Police in Georgia are looking for a man they say met a woman through an online dating site, agreed to marry her within a week, scammed her out of $80,000, and then left town and cut off all contact with her.
Gwinnett County police have a warrant for the arrest of John Martin Hill, 35, who is charged with theft by deception. Police believe Hill has pulled similar scams in four other states.
According to the Atlanta Journal-Constitution, a woman from Alpharetta told police she met Hill through the dating site Match.com on March 27, and that the couple met each other the same day they first exchanged messages.
“During their short romance, he convinced her that they were in love and wanted to buy a house together,” said Cpl. Michele Pihera, a spokesperson for Gwinnett police. “They went house hunting and selected a home they were interested in.”
Pihera said the couple agreed to get married within a week of their contact.
Police said Hill told the woman he was a millionaire, and somehow convinced her to fork over $80,000 to purchase a home and furnish it as well. But after she transferred the money to Hill, he vanished and ceased all contact with her, the report said.
Investigators later discovered that Hill lived with another woman and a child in a Duluth apartment, and that he had gone by various names — changing it five times in less than three years — while allegedly pulling similar trickery in Delaware, Maryland, New Jersey and Virginia.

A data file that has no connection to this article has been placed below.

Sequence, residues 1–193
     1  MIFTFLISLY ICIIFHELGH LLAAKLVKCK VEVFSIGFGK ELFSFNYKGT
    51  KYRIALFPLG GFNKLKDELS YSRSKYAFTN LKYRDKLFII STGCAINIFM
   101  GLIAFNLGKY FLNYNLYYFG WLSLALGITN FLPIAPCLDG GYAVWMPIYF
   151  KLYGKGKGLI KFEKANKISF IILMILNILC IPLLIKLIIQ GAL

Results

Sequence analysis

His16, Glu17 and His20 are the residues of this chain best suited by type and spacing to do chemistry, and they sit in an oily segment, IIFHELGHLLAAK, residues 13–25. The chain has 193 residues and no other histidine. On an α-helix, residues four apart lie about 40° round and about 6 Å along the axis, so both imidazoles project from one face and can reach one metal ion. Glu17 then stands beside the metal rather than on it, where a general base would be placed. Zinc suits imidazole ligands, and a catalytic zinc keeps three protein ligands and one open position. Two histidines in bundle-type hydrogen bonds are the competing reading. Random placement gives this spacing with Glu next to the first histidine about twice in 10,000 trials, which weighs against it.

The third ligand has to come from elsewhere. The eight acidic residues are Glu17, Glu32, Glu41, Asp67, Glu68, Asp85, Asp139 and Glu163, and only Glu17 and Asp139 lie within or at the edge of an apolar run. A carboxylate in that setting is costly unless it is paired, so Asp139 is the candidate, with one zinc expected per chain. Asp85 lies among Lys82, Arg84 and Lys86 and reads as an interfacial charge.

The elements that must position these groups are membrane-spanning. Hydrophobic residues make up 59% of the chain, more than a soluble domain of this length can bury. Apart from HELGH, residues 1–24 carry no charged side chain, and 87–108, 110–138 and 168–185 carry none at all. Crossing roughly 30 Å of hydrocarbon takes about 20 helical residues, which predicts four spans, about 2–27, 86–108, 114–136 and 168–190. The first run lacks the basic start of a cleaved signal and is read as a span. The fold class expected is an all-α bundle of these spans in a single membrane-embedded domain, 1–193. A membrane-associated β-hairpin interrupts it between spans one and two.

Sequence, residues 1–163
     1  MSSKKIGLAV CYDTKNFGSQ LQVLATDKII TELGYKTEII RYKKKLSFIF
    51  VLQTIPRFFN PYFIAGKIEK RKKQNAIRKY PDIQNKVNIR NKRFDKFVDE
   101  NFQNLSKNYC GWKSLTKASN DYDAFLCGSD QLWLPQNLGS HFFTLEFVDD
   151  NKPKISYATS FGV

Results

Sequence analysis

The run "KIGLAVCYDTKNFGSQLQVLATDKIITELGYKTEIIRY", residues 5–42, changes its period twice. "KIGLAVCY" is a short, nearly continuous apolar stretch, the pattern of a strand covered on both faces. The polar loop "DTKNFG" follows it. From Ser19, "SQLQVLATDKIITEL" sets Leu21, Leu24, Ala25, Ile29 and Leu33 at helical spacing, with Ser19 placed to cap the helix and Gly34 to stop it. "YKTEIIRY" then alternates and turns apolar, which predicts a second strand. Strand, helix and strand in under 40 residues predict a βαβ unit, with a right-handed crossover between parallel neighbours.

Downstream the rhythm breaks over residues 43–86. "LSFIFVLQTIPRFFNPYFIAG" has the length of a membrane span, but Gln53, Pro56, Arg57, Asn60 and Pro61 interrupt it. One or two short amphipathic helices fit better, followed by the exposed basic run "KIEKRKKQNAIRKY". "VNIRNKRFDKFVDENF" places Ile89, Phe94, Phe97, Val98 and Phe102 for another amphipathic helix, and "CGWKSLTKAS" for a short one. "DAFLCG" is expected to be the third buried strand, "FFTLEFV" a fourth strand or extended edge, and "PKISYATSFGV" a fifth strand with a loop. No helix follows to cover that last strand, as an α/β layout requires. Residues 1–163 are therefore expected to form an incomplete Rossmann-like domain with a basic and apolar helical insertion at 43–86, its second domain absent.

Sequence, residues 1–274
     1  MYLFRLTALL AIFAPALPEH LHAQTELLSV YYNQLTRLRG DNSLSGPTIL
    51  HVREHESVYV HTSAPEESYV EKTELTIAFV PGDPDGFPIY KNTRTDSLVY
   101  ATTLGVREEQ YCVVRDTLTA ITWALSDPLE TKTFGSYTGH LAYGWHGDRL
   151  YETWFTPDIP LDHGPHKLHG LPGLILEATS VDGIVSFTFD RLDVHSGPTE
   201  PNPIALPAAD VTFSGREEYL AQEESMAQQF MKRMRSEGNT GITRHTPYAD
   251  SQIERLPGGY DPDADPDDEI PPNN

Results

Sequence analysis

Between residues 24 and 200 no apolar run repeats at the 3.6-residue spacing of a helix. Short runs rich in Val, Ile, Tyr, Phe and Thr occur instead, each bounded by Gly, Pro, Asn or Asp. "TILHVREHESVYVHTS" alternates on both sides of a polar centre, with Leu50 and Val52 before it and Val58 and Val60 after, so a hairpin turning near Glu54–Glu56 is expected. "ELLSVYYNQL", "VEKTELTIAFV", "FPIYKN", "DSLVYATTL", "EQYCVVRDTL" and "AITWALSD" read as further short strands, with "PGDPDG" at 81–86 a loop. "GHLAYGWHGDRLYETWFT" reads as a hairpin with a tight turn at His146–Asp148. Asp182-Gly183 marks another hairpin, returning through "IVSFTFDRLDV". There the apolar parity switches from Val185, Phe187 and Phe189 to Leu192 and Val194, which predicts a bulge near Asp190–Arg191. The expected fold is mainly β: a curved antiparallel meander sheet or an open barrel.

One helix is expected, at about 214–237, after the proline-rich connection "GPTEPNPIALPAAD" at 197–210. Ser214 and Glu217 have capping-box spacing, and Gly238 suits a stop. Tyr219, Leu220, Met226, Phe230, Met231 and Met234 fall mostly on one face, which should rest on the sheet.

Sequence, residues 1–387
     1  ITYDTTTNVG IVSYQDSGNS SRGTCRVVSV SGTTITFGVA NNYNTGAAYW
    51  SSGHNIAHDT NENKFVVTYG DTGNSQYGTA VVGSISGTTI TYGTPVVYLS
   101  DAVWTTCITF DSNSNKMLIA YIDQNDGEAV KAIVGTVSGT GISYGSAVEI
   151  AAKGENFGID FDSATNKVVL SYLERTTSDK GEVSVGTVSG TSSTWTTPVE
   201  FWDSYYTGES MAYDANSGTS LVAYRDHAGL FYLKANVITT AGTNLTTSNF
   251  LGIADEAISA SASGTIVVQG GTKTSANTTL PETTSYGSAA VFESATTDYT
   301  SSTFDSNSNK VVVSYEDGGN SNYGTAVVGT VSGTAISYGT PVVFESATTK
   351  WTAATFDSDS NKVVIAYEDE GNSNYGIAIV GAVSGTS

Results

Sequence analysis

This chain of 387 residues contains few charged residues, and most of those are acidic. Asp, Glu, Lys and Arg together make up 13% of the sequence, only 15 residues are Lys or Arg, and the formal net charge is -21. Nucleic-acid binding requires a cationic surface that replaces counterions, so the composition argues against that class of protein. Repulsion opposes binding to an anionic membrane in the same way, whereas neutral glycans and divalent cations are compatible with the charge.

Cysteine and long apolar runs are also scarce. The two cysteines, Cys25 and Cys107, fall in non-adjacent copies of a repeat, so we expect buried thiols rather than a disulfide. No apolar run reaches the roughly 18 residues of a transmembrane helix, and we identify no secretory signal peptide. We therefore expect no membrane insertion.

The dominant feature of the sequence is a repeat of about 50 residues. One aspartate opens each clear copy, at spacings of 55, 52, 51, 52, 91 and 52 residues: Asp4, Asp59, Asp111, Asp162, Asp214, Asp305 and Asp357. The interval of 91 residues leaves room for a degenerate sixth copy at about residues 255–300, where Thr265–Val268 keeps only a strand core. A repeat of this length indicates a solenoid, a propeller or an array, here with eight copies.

Gwinnett police encourage anyone knowing Hill’s whereabout to contact their detectives at 770-513-5300. For those wanting to remain anonymous and perhaps receive a monetary reward up to $2,000, they may contact Crime Stoppers Atlanta at 404-577-8477, visit the Crime Stoppers website or send a text with relevant information to 274637.
The Federal Trade Commission offers tips on its website on how to identify online dating scams in advance. They include someone wanting to leave the dating website and chat through personal email, messenger or phone. It also includes someone professing their love so quickly, or things like claiming to be from the United States but traveling overseas at the moment, or telling them they planned to visit but either a business deal had gone sour or they quickly had some sort of traumatic event.
The FTC also recommends not to wire money to cover travel, hotels, hospital bills for children, visas, medical emergencies or temporary financial losses. The FTC says once the scammer feels comfortable asking for money, they’ll keep doing it.
The FTC also advises contacting either them, the FBI or that person’s state attorney general’s office to report any relationship scams.